And then this morning's news hit. So, here is a precursor to my Lenten blogging.
Following my initial period of disbelief (which lasted for the better part of the morning), I have been alternating about every half hour between being on the brink of tears and being supremely confident in the Divine Will.
Right now I am the former, so here are reasons why I am sad today, in no particular order:
- Not that there are "camps" or "teams" for our past two pontiffs, but in theological and liturgical matters, I am most assuredly a child of Benedict XVI. I think that he has been a tremendous gift to the Church in so many ways -- his clear love for tradition (in all senses of the word), his loving ecumenical heart that burns to see all Christians reconciled with the Church, his leading by example in liturgical matters (which are nearest and dearest to my heart and probably will form the basis for a future post or three). I know most people my age have a strong love for John Paul II because of when they grew up, but as a 2003 convert, I only knew the very end of his pontificate. Almost eight of my almost ten years in the Church have been under Benedict, and he has influenced my own faith journey in so many ways.
- He is my one and only Papa. The pure self-sacrificing love that shows through in everything he does, that beaming smile that shows the face of Christ Himself -- I love this man so much that I cannot express it in words.
- This is the closest I will get to any sort of speculation in this post, but I can't help but wonder if something is seriously wrong with his health. He didn't even wait until after Easter to announce this and he only gave two and a half weeks' notice beforehand. If indeed it is the case that his health is seriously deteriorating, this is the thing that makes me the saddest.
And yet, in the midst of my sorrow, I know that we have reasons to hope:
- After so much speculation that Benedict would only reign as pope for a short time and that he would not really have an impact on the Church (as a sort of "transitional" pope), he gave us almost eight years of theological brilliance and clear teaching on what it means to be authentically Catholic in the modern world. He started the Church on the path to true liturgical renewal -- a renewal based on continuity with tradition, not a break with the past.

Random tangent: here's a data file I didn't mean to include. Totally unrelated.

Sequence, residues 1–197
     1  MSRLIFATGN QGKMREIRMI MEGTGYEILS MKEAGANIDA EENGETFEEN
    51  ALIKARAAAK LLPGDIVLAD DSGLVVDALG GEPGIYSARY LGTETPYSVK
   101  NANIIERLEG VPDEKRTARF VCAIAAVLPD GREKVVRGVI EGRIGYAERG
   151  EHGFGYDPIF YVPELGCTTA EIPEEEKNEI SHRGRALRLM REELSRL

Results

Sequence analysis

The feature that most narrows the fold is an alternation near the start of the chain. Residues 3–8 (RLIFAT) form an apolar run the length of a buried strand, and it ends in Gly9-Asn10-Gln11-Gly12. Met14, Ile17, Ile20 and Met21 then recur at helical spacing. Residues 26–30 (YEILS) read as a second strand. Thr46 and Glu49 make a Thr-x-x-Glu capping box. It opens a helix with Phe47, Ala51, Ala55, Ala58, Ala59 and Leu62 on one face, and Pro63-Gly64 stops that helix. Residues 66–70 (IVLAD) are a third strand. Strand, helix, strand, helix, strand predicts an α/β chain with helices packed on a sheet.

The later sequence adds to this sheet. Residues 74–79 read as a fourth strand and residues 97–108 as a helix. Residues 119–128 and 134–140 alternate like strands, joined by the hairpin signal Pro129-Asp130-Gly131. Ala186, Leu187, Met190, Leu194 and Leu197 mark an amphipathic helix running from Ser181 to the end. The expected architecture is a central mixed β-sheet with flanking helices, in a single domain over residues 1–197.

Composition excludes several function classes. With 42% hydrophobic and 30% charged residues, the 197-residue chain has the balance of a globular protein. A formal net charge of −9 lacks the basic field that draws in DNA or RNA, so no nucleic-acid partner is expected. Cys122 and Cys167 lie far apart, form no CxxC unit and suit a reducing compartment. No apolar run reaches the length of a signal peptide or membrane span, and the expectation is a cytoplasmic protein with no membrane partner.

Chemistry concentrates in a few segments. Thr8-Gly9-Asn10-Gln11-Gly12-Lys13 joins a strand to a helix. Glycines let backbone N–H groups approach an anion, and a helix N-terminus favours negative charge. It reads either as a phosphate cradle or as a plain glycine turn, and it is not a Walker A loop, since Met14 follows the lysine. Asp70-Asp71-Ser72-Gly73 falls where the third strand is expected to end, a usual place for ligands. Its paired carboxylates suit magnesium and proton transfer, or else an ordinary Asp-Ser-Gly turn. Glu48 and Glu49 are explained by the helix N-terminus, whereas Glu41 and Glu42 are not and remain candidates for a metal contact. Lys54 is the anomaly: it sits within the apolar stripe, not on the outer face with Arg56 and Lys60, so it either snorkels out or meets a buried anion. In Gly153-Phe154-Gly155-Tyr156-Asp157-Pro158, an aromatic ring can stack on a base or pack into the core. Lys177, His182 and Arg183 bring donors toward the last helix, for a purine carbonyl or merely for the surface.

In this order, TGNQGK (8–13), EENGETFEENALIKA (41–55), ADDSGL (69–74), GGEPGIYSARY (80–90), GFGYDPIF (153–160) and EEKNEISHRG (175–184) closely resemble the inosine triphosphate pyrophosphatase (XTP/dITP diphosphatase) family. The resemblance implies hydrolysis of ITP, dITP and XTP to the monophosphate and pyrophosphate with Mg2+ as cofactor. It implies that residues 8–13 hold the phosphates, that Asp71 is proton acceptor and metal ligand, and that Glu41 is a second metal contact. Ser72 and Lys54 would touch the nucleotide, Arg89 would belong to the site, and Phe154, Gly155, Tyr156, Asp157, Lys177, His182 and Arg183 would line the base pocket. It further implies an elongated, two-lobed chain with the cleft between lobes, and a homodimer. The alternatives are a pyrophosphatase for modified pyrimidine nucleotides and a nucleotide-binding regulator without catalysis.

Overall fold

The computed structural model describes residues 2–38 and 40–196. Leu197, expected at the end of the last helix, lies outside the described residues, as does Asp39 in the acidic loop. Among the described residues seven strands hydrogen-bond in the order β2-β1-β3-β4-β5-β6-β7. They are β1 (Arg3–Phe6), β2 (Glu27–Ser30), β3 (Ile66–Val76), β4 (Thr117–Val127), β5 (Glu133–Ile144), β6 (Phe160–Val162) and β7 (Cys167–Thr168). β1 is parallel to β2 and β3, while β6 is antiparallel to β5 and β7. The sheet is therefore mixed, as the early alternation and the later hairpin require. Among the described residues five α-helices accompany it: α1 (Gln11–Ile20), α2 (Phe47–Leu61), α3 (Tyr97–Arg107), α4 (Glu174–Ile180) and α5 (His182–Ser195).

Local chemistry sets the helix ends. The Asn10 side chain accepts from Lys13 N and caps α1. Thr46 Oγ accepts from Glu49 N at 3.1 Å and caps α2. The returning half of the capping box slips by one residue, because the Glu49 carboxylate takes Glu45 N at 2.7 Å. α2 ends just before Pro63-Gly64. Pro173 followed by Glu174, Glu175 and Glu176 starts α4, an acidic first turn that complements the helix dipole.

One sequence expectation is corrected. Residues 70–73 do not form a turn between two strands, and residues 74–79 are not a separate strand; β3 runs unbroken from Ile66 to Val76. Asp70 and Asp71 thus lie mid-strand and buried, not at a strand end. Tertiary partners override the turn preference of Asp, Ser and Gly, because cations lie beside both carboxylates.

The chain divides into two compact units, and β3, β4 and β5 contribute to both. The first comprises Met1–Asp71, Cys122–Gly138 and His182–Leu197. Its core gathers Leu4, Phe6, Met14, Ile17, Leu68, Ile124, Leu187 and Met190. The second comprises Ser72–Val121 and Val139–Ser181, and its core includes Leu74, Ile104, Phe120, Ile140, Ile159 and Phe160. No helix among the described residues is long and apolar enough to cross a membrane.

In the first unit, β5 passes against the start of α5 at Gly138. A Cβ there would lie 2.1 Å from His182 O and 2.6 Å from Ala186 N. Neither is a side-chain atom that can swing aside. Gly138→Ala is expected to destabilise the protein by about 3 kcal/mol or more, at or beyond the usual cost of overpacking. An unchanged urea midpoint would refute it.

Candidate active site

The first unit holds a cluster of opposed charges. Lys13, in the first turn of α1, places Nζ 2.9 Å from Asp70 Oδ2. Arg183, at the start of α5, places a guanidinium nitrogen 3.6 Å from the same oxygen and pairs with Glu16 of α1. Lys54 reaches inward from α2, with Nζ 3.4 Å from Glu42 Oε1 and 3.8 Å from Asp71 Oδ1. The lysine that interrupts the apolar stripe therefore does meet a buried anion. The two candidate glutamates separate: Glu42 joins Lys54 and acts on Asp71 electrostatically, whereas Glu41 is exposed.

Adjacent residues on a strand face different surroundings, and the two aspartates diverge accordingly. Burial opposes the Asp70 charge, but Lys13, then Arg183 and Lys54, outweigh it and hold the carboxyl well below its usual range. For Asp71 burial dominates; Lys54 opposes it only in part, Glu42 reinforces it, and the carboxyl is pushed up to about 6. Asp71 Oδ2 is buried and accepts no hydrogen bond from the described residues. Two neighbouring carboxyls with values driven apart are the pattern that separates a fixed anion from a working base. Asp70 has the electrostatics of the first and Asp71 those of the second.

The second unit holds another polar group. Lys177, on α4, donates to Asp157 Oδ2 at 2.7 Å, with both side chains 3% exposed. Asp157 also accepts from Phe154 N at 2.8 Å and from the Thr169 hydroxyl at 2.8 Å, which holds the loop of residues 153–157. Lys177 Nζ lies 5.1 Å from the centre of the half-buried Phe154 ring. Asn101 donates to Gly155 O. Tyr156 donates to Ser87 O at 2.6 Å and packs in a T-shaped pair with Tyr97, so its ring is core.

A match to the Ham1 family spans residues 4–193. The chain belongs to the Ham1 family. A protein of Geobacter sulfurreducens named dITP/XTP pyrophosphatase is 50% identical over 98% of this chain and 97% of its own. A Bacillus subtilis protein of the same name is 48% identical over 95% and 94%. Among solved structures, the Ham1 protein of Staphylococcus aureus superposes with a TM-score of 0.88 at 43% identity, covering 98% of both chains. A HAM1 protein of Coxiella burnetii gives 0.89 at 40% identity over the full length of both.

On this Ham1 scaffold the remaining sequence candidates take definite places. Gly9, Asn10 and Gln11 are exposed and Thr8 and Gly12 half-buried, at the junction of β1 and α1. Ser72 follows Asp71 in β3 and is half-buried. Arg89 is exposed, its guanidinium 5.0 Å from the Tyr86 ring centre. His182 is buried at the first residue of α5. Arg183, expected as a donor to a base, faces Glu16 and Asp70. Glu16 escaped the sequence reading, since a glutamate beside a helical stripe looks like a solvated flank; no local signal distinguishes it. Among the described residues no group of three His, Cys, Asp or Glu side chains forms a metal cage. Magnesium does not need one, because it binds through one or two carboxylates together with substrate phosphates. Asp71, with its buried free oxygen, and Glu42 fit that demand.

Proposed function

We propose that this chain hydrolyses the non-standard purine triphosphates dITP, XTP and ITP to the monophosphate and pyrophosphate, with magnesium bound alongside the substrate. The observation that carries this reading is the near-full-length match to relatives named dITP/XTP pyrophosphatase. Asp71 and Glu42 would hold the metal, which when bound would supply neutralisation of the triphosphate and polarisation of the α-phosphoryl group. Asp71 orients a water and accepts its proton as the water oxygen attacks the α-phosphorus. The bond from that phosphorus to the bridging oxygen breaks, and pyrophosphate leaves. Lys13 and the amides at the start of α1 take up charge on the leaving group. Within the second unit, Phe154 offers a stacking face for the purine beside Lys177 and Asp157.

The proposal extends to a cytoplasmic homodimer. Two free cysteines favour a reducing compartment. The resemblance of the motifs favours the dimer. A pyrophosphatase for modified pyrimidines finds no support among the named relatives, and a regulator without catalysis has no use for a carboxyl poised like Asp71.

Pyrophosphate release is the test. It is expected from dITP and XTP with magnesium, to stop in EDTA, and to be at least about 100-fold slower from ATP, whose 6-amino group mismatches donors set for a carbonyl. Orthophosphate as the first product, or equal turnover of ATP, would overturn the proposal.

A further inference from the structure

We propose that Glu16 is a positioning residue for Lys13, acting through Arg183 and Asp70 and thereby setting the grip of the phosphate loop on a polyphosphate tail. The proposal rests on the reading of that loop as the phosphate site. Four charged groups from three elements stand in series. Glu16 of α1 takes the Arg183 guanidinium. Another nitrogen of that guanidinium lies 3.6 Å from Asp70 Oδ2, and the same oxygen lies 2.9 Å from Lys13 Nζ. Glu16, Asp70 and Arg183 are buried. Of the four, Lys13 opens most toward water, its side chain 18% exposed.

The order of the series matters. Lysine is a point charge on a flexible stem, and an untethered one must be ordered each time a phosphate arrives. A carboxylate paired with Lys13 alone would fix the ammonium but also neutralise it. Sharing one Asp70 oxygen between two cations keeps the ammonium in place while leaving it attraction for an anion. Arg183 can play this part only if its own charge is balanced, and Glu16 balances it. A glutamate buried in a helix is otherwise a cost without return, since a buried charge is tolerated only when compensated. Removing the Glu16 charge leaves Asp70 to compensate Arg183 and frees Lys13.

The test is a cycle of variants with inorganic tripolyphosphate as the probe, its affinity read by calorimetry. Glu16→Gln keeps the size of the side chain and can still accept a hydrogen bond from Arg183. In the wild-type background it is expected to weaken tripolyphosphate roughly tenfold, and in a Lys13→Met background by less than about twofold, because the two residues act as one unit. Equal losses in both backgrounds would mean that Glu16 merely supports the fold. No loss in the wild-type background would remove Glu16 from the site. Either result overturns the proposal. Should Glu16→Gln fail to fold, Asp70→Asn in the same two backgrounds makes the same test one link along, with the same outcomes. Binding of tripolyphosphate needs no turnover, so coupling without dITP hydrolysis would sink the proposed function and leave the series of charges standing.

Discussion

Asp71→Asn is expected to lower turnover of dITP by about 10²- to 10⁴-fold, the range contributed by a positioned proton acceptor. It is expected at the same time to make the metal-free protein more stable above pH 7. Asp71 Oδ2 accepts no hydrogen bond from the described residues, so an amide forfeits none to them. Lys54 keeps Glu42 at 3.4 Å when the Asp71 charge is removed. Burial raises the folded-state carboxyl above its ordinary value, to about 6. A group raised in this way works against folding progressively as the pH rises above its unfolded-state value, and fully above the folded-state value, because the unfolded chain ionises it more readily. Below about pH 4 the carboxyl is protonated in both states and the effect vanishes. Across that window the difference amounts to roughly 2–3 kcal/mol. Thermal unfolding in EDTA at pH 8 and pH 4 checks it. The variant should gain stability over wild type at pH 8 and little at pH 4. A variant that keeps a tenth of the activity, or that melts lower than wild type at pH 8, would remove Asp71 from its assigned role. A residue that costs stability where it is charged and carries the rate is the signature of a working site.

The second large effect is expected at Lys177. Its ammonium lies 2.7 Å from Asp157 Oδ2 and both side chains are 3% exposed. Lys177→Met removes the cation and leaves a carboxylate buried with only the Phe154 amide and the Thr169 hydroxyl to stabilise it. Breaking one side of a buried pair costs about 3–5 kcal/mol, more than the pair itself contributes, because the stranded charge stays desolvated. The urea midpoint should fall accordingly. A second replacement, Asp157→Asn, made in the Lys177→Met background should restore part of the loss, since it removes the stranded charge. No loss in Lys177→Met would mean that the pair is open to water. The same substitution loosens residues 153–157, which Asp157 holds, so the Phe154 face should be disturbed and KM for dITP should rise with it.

- As the climax of his years of teaching on the Second Vatican Council, he began the Year of Faith in which we currently find ourselves. He has made it abundantly clear that the true meaning of the Council is not to be found in the "Spirit of Vatican II" but in the documents promulgated by the Council.
- He has named more than half of the Cardinals of voting age who will meet very soon to elect his successor. I think, by the working of the Holy Spirit, that we will be in excellent hands.
- Much as it feels like we are losing our Papa, he doesn't appear to be on death's door. I pray that Josef Ratzinger will have many more years of serving the Church in his own way.
The comment I have seen most often today is that Benedict's resignation demonstrates his deep humility. To quote one of my favorite bloggers, "he leaves as he came, with a humility that shocks the world." And that's really what our Christian life is all about, isn't it?
I hope that we will all learn from this great man how to do justice, love goodness, and walk humbly with our God -- and trust in our Lord Jesus that the gates of hell shall never prevail against our Mother Church.
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